Session Time: 12:30pm-2:00pm
Location: Research Hub - Kiosk 4
Disclosures: Sindhoori R. Nalla, DO, MHSA: Nothing to disclose
Case Description: A 45-year-old male was admitted to an inpatient TBI unit following traumatic encephalopathy from a fall, resulting in right frontotemporal hemorrhagic contusions status post right craniotomy. Due to inattention and slowed cognitive processing speed, the patient was started on amantadine 100mg twice daily. This resulted in improved concentration, attention, and participation in therapy. On day 25 of amantadine treatment, the patient developed acute psychosis involving paranoia, Capgras delusions, and severe agitation, greatly affecting his safety and ability to participate in therapies. A CT head was negative for acute pathology. He did not have a prior history of psychiatric disease or renal dysfunction. Amantadine was discontinued and he was started on risperidone 0.5mg twice daily, with subsequent resolution of symptoms. Risperidone was ultimately weaned off with no recurrent psychosis.
Setting: Traumatic Brain Injury (TBI) Unit in Acute Inpatient Rehabilitation Hospital.
Patient: 45-year-old male with traumatic encephalopathy.
Assessment/Results: Amantadine related acute psychosis resolved with discontinuation of medication.
Discussion: Amantadine is a renally excreted dopamine agonist commonly used as a neurostimulant in the brain injury population. Neuropsychiatric complications are rare, with a reported incidence in one study of 0.7%. It is usually seen with medication initiation or dose uptitration. While reported side effects have not been well studied in the brain injury population, common associations are renal dysfunction, underlying psychiatric history, medication interactions, high dosages, and older age. Here we present an even rarer case in which late onset psychosis occurred with amantadine in a younger, healthy individual without associated risk factors.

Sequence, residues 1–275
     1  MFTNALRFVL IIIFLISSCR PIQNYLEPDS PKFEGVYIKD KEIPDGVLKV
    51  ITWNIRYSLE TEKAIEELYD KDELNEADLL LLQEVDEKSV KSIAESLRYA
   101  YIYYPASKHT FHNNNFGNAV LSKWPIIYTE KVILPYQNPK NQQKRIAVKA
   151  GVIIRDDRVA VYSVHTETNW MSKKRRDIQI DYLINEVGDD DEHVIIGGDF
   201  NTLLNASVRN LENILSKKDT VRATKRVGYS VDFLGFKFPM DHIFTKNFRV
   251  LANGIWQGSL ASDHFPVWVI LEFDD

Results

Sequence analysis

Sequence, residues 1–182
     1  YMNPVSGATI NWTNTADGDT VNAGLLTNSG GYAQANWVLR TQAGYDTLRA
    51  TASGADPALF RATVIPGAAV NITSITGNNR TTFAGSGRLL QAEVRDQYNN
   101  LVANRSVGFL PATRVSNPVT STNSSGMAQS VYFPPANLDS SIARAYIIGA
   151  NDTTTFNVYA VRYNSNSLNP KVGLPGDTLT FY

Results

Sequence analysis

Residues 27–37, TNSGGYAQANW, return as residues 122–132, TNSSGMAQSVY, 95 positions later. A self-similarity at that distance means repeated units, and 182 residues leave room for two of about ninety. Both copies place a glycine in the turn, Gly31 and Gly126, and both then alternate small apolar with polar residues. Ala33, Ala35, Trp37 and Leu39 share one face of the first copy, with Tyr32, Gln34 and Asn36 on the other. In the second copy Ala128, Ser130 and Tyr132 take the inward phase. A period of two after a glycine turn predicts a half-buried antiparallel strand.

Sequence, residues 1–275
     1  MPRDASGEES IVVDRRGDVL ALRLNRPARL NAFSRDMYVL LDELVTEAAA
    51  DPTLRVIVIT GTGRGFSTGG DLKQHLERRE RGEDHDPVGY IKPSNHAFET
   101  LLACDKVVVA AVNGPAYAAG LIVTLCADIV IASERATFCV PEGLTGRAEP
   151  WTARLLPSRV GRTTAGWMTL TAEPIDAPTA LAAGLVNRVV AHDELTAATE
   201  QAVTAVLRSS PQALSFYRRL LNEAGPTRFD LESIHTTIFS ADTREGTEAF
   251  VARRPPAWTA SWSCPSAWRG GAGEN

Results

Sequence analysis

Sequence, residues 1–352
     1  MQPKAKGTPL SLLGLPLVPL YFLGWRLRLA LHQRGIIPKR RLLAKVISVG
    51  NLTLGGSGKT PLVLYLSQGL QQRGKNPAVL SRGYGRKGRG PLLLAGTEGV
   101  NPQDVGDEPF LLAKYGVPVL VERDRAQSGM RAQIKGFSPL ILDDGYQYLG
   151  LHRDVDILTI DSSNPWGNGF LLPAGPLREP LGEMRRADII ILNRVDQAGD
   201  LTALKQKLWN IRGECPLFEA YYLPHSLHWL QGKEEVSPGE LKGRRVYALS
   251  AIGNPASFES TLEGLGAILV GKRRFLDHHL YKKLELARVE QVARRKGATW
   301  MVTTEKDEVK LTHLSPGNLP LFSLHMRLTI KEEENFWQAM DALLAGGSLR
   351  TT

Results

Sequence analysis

Conclusion: Late onset amantadine induced acute psychosis is a rare but serious side effect for physiatrists to be aware of, even in younger, healthy patients without underlying risk factors. Further studies are warranted to better characterize neuropsychiatric complications of amantadine in the brain injury population.
Level of Evidence: Level V
To cite this abstract in AMA style:Nalla SR, Driver SP. A Rare Case of Late Onset Amantadine Induced Acute Psychosis [abstract]. PM R. 2019; 11(S2)(suppl 2). https://pmrjabstracts.org/abstract/a-rare-case-of-late-onset-amantadine-induced-acute-psychosis/. Accessed February 27, 2024.
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PM&R Meeting Abstracts - https://pmrjabstracts.org/abstract/a-rare-case-of-late-onset-amantadine-induced-acute-psychosis/